War of the Rebellion: Serial 041 Page 0460 W.FLA., S.ALA., S.MISS., LA., TEX., N.MEX. Chapter XXXVIII.

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Colonel CHARLES W. DREW, Fourth Regiment Infantry, Corps d'Afrique, being duly sworn, testified as follows:

Question. Please state your name, rank, and the nature of your command.

Answer. My name is Charles W. Drew, colonel Fourth Regiment, Corps d'Afrique, and commanding the post which includes Fort Jackson and Fort Saint Philip.

Question. Were you in command on the 9th instant?

Answer. I wa.

Question. Please state in detail what unusual events, if any, occurred on that day.

Answer. The first unusual event that I noticed occurred about 5 p.m. I saw Lieutenant-Colonel Benedict, of the Fourth Regiment Infantry, Corps d'Afrique, strike one of the drummers with a whip two or three times, at the same time reprimanding him. He made use of an expression like this: "I have had a great deal of trouble with you already, and I am going to stop it." He then walked off. I turned toward him when I saw him strike him, intending to reprimand him there, but he turned off, and I thought it best to delay it instead of reprimanding him in presence of the men. I went to my quarters, and was sitting at my desk, as nearly as I can judge, about 6.30, when the adjutant, who had come into my room, said: "There is a disturbance among the men. I think they are taking their arms." I replied, "No, I think not." He then went to the door, and, upon opening it, ascertained that they were. I immediately went out into the parade, when they commenced firing into the air and shouting. I soon discovering from their language that it was in consequence of Lieutenant-Colonel Benedict's action. I immediately turned, and ordered him to his quarters, and, with my officers, who were all present, endeavored to quell the disturbance. I soon got enough of them quieted so that I could talk to them, and told them to go to their quarters and put up their guns, as I wished to talk to them, but would not do it whilst they had them. At this time I should think about 30 had gone outside the fort toward the river, continuing the firing. Nearly all those inside went to their quarters, and put up their guns my assuring them what I would see that justice was done them.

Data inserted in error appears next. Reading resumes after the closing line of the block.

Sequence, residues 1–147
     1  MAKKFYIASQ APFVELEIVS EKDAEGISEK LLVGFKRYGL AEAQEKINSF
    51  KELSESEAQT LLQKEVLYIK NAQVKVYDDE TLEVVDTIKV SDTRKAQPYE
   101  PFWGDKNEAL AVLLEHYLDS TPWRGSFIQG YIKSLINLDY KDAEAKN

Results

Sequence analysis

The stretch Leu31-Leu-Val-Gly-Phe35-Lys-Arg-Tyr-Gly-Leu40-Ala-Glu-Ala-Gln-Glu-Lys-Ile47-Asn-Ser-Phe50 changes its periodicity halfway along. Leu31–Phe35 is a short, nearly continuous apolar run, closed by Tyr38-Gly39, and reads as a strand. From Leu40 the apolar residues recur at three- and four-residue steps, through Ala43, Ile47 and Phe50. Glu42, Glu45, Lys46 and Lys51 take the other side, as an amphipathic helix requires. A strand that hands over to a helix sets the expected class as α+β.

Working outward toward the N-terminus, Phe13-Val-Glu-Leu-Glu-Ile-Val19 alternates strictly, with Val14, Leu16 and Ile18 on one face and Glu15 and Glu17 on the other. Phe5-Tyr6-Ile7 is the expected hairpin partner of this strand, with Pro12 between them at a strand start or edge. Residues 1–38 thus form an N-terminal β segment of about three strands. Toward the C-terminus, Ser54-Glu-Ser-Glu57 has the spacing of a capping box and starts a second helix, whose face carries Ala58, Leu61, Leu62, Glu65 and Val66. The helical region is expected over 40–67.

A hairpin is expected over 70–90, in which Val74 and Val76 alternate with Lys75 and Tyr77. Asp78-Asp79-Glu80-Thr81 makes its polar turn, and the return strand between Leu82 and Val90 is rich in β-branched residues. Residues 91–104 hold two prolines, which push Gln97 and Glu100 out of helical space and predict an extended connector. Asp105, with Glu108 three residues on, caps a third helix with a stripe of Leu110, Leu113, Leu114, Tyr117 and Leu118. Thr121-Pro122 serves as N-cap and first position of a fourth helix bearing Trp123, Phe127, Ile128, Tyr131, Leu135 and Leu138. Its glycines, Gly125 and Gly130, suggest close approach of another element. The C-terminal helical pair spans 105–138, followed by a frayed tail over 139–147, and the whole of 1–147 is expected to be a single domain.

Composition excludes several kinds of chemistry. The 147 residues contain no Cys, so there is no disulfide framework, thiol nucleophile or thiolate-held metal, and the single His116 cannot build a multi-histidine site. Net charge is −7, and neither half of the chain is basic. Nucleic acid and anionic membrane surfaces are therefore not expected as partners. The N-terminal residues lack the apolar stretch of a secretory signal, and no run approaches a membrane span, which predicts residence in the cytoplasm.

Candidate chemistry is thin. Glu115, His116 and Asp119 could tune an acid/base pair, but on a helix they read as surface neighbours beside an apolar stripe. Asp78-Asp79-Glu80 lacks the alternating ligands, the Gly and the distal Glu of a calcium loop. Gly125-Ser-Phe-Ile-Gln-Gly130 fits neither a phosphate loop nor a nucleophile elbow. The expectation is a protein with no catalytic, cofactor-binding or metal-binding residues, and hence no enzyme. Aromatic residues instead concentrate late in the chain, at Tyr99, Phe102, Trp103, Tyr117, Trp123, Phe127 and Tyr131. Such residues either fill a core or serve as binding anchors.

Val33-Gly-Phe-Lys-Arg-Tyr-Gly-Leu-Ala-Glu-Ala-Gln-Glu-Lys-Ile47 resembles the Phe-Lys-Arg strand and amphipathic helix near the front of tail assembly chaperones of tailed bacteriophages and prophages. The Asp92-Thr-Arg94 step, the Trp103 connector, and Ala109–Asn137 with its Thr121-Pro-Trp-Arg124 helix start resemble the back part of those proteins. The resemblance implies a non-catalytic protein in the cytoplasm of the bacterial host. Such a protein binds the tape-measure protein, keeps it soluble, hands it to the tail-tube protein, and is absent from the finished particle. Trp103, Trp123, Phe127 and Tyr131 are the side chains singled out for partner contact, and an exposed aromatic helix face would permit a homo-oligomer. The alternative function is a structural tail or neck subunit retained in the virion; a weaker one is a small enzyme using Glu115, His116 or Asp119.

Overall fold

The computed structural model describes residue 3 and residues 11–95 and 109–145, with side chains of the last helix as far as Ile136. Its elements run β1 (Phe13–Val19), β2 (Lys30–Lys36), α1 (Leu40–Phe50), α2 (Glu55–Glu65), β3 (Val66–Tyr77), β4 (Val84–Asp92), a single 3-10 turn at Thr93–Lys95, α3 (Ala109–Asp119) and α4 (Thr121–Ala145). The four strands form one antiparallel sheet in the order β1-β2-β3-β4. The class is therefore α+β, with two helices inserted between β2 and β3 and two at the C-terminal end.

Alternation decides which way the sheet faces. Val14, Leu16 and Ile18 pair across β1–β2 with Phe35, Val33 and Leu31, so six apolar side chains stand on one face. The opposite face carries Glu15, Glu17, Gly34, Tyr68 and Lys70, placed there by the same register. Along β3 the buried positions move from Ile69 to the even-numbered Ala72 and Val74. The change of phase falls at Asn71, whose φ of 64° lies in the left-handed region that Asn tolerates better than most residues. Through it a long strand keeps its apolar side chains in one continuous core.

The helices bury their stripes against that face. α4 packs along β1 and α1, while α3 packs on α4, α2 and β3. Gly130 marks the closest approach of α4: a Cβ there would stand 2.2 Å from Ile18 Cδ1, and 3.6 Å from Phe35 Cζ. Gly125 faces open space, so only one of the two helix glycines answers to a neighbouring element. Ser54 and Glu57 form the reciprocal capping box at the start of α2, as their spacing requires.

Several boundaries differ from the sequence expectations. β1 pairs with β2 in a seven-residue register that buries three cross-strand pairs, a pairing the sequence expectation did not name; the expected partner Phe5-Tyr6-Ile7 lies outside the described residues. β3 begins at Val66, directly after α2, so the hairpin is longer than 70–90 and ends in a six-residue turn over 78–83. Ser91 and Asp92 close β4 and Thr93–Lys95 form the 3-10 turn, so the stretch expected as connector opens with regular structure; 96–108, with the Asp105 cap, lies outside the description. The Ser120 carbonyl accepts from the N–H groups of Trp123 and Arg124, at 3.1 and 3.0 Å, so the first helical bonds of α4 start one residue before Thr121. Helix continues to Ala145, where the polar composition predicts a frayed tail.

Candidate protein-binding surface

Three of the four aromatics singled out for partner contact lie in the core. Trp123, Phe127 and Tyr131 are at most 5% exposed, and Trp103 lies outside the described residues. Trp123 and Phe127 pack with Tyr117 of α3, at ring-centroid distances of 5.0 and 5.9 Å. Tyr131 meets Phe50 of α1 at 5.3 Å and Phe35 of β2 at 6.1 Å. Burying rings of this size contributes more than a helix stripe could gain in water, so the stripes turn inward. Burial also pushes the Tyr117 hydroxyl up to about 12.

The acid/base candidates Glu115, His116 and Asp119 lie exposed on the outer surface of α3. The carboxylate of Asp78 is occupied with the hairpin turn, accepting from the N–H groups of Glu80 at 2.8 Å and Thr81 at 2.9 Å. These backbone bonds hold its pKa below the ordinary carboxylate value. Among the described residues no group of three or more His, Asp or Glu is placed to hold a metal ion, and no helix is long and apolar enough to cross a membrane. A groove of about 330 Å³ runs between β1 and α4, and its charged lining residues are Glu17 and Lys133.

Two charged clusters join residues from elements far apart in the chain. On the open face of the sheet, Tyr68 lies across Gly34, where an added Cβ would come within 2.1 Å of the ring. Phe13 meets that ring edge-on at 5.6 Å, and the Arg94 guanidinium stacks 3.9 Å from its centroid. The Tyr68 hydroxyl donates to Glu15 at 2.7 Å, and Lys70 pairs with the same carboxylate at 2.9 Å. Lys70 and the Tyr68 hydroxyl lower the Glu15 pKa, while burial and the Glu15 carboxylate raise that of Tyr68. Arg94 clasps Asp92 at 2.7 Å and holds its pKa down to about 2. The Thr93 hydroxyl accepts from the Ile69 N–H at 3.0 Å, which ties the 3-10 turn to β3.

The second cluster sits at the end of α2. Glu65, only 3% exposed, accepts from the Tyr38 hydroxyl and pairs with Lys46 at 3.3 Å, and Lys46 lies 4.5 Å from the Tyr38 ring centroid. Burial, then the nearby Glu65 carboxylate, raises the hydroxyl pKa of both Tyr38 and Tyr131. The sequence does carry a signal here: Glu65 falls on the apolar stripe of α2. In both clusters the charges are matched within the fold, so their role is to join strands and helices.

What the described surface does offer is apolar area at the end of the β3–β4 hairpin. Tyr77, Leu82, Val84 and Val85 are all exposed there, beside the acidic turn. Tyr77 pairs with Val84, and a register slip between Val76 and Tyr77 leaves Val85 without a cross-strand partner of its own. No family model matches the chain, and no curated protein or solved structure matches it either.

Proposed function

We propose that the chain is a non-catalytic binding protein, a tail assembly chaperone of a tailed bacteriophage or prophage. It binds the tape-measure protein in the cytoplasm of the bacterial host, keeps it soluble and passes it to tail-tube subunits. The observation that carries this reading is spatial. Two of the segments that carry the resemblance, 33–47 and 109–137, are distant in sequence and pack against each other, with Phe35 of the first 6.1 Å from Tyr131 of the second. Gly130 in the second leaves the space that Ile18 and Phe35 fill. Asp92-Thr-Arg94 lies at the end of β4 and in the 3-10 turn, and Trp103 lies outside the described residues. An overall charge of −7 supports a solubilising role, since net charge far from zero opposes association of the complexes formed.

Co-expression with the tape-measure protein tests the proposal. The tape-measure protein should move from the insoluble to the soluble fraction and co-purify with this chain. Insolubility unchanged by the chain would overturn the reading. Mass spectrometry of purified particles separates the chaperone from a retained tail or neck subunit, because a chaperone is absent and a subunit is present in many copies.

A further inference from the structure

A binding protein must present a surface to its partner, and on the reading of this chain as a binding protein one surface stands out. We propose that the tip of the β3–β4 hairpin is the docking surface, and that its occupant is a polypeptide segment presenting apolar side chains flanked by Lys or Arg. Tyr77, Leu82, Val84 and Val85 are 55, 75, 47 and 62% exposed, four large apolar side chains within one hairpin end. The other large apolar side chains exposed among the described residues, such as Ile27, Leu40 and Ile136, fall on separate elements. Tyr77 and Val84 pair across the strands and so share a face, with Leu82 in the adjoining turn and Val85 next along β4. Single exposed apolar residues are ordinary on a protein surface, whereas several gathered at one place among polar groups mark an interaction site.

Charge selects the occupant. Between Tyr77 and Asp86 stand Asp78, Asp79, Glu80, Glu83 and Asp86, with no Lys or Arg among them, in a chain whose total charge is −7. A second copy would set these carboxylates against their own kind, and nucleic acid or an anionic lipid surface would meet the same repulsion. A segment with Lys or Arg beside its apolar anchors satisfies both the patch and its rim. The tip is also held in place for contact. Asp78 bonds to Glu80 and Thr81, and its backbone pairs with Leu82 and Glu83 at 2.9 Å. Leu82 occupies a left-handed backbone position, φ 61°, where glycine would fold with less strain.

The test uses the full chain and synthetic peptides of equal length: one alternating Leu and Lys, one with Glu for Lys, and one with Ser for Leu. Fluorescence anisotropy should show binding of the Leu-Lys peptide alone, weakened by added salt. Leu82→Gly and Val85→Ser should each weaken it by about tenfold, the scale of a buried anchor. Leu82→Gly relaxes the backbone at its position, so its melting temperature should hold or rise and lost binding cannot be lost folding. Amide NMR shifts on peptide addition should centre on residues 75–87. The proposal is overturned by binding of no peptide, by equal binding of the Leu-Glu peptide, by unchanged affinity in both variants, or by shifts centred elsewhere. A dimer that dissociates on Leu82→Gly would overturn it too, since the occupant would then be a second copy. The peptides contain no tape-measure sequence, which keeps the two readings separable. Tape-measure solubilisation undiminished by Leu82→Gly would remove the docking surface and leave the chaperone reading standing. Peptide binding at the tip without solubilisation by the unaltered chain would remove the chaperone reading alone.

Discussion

The firing had been going on then about half an hour. I formed the men into a hollow square, and had commenced talking to them, when some of those from outside the fort came in, saying, "Don't give up your guns," and demanding Lieutenant-Colonel Benedict, making so much disturbance that I directed the officers to form their companies in the company streets, as it was impossible to talk to them there. Very soon everything inside became quiet again. I should think that nearly one-half the regiment was engaged in the disturbance, the other half trying to quiet them. I had tattoo beaten, I think about 8 o'clock that night, much earlier than usual, when everything was quiet, and nearly all the men answered to their names at roll-call. I afterward discovered that Major Nye was missing, and while searching for him at about 9.30, perhaps a little later, some 8 to 10 men who were still on the levee fired off their guns and came in. I heard no more firing that night, and do not think there was any until after reveille the next morning, when some of the men, by my direction, came down to the levee and fired off their guns. Lieutenant-Colonel Benedict had been stationed at Fort Saint Philip, but came to Fort Jackson the day before, and was placed in command of the regiment by me, which at this time was all at Fort Jackson, numbering 500 men.

Question. You say that when you went out on the parade, during the disturbance, you soon discovered, from the language used, that the disturbance was in consequence of Lieutenant-Colonel Benedict's action in whipping a music boy? Please state what that language was.

Answer. It was language something like this: "Give us Colonel Benedict; we did not come here to be whipped by him. Kill Colonel Benedict; shoot him," and other language to the same effect.

Question. Were the guns fired aimed at any person?

Answer. I do not know of a single gun aimed at any person. They were all apparently fired into the air. I heard one man, a soldier, cry out, "Kill all the darned Yankees."

Question. Were any of the guns-the artillery of the fort-fired off?

Answer. Not one.